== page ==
Amazon fires: just one piece of the exploitation puzzle
While wildfires are not uncommon during the Amazonian dry season, the scale of the fires in 2019 was beyond anything seen before, and caused international concern.
This year, the number of fires has increased and more than 1,000 fires were registered on 30 July 2020 alone, the highest number for a single day in July since 2005. Natural fires in the Amazon are very rare and the increase in the fires has largely been attributed to human causes – specifically the illegal burning and deforestation of rainforest to clear space for mining, logging, soy and cattle farming.
Arthur, from Friends of the Earth Brazil, says:
"None of this is new. However, the scale of the fires reached new heights following [President] Bolsonaro's hate speech against rural and indigenous workers, the government's largely pro-ruralist policies, and the dismantling of environmental policies and enforcement agencies."
Bolsonaro's position has emboldened land-grabbers to invade public and indigenous land and claim them as farmland. It’s unclear exactly how many of these fires were started intentionally. What is clear is that any man-made fire is one too many.
The people who bear the brunt of this illegal and often violent activity are those living in rural and indigenous communities. It's no mistake that these groups are routinely denied a voice in the debate over the fate of the Brazilian Amazon.
The Coronavirus pandemic has hit Brazil hard, with more than 50,000 deaths and one million cases diagnosed as of June 2020. Land grabbers, miners and illegal loggers are ignoring quarantine rules and are taking advantage of the government's inaction when it comes to protecting community land.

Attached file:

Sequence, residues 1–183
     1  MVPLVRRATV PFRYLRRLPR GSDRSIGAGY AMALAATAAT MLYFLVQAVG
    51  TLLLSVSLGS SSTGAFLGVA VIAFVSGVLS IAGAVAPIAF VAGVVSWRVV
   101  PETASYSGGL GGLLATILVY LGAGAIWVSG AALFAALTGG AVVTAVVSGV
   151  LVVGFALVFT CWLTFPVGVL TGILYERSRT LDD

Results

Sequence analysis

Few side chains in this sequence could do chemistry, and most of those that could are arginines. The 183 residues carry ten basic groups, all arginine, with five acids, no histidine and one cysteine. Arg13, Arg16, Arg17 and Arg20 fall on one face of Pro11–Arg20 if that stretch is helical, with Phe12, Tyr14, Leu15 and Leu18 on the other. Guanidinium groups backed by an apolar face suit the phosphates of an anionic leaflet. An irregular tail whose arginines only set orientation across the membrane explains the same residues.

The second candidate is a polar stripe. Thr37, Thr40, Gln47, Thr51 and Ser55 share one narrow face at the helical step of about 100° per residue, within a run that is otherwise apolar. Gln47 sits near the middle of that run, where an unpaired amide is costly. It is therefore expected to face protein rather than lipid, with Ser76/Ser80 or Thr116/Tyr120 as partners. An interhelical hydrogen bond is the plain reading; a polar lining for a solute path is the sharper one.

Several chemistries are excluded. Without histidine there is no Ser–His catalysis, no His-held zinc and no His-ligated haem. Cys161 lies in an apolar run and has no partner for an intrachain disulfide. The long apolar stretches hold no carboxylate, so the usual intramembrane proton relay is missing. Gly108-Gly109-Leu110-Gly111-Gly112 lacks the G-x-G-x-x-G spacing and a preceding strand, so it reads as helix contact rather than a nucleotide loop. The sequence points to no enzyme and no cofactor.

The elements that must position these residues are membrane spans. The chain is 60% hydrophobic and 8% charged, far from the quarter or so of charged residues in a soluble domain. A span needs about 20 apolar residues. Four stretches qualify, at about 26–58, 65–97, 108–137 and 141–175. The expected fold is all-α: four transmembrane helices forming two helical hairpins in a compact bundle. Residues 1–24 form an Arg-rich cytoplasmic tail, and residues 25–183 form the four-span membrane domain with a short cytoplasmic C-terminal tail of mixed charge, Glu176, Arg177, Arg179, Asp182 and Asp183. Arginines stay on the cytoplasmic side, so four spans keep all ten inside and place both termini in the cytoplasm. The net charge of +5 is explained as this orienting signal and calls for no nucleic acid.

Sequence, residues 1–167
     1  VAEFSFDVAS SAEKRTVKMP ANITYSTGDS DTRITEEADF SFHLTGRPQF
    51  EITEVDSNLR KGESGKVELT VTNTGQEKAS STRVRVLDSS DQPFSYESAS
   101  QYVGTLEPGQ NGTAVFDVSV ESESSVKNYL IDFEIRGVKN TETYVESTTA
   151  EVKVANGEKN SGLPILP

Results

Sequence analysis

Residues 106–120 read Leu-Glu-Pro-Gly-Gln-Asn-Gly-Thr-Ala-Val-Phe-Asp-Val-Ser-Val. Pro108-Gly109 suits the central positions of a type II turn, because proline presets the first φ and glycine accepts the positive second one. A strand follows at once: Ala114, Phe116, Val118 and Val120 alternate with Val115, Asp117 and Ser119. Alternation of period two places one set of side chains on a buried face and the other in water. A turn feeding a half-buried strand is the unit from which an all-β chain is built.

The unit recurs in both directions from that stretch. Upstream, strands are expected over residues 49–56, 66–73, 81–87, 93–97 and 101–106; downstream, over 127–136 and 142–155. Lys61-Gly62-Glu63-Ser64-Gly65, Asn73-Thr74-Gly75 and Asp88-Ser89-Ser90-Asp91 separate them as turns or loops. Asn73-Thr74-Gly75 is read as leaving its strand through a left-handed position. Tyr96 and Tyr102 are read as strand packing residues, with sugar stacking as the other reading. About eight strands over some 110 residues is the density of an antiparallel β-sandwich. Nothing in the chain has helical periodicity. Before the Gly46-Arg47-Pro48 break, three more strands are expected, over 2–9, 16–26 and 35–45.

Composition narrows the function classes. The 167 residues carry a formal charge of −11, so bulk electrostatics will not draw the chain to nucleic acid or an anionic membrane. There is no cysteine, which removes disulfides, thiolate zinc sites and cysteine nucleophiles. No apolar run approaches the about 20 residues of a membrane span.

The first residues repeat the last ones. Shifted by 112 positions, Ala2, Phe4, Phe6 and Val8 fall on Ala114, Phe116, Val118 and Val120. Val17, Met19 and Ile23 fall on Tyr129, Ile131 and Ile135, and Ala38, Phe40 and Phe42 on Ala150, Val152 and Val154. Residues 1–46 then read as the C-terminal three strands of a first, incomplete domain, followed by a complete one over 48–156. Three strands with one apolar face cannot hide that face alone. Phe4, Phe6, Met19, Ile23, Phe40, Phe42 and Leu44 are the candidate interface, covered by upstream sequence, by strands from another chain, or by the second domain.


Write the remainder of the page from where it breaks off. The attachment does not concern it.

Environmental activists are also being killed around the world in record numbers, and in Brazil community leaders including Maria do Espírito Santo and Zé Cláudio have lost their lives in the fight to defend their land and peoples' rights.
With support from the appeal, Arthur and the Friends of the Earth team in Brazil have been working alongside indigenous, quilombola, and fisher communities. In the states of Acre and Pará, communities voiced their concerns that the fires were just part of the problem:
"[In Pará], the exploitation of the Amazon is evident: illegal loggers, soybeans, mining, ports, railways... in short, an enormous mechanism that doesn't take into account people and their cultures, instead causing pain and death."
Thanks to donations from the Amazon appeal, Friends of the Earth Brazil has successfully helped halt a huge port construction project in Maicá, Santarém.
The project directly threatened the way of life for the surrounding 12 quilombola communities, violated their rights and compromised the region's biodiversity. For the project to continue there will first have to be a mandatory consultation with the affected communities.
Arthur and the team are also using journalism to help spread the word and empower communities.
"Journalism in Brazil is pretty much concentrated in the hands of the powerful, and it is difficult to find space for the voices of communities. Going forward, we are planning to carry out communications training in the territories, so that communities can tell their stories, appeal to the wider Brazilian population and advocate for their land."
Collaboration – and understanding the challenges faced by the communities themselves – is at the heart of Friends of the Earth Brazil's strategy.
"It is extremely important, in our view, to strengthen the resistance that already exists in the Amazon. That is why we choose to act together with our allies (Terra de Direitos and MAB – Movement of People Affected by Dams), rather than working alone. We know there's no silver bullet solution, so our aim is to empower the organisations and people who dedicate their lives, on a daily basis and over the course of many years, to survival in and of the Amazon."
Climate breakdown knows no borders. While it may seem remote, what happens to the Amazon – and the communities it's home to – can and will have a global effect. It is crucial that we show solidarity.
We need to ensure the UK isn't supporting the destruction of our Earth’s natural resources, whether it's the Amazon rainforest or the Mozambican coastline, which is why we're ramping up our efforts to hold UK government to account on where taxpayer's money is being "invested". With your support, we'll keep fighting for climate justice at home and around the world.